They should both agree that the brain surgery is “X” (whatever X is) more than a 1000 stamp licking. The fact that the brain surgeon might well complete the brain surgery in the same amount of time as the little kid completes the 1000 stamp licking is not relevant, because story points are supposed to be applied to stories independently of who will ultimately perform the task. That is the whole reason behind using story points instead of man days.

      Backlog forecasting can be performed on completed story points in order to give an indication of future throughput. This is the team’s velocity. For example if the little kid and brain surgeon deem the 1000 stamp licking to be 2 story points and the brain surgery to be 100 story points, but the brain surgeon completes the brain surgery in the same time it takes the little kid to perform the 1000 stamp licking then the team as a whole is deemed to have a velocity of 51 story points at that moment in time.

      I’m sure neither of us will be the last to comment on the topic of story points and the discussion continues…

      • Another Opinion

        “But at that point, both the little kid and brain surgeon might just as well have dispensed with story points altogether and just stated their estimate in “man days”. But again, does this not completely undermine the point of story points?”

        I disagree with this – it’s not correct to say they ‘might as well’ revert to using man days if story points are used in this way, as there are still significant differences.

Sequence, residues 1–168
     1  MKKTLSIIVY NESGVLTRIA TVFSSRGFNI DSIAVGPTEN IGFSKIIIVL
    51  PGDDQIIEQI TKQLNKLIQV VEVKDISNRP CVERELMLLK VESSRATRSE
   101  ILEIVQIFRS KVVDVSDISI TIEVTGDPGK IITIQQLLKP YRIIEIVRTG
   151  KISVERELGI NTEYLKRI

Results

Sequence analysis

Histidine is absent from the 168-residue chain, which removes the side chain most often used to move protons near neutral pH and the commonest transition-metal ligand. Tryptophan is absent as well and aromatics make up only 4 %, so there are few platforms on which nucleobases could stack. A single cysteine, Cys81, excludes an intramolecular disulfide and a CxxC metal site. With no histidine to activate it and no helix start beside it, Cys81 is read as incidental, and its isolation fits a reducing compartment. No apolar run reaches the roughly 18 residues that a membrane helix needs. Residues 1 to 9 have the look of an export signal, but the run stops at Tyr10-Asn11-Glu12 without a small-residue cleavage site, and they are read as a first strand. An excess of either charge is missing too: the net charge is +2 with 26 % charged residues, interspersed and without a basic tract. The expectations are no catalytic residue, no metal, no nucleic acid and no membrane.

When used in this way (to capture effort, therefore having a time consideration), story points are about one’s perceived effort and using the Fibonacci scale offers a way to abstract this into the realm of perception. At this point we are not holding people to a set number of days and it allows for stories being completed quicker and more slowly than anticipated. Therefore this makes the velocity meaningful.

        Additional the velocity is more accurate too. Surely your velocity is skewed and less reliable when purely estimating complexity. For example, say one sprint you have two simple tasks that each take a few days (say they’re labour intensive), and the next sprint you have four more complex tasks that can be done more quickly than the simple tasks but are more complex.

        Sprint 1 = 2x 1 Story Points = 2
        Sprint 2 = 4x 3 Story points = 12

        Your average velocity is immediately less accurate than if effort was a factor.

        After all, sprints are defined by time. Therefore the points that fit into it need to consider effort (and therefore time) too.

    • Jeff


  • Peter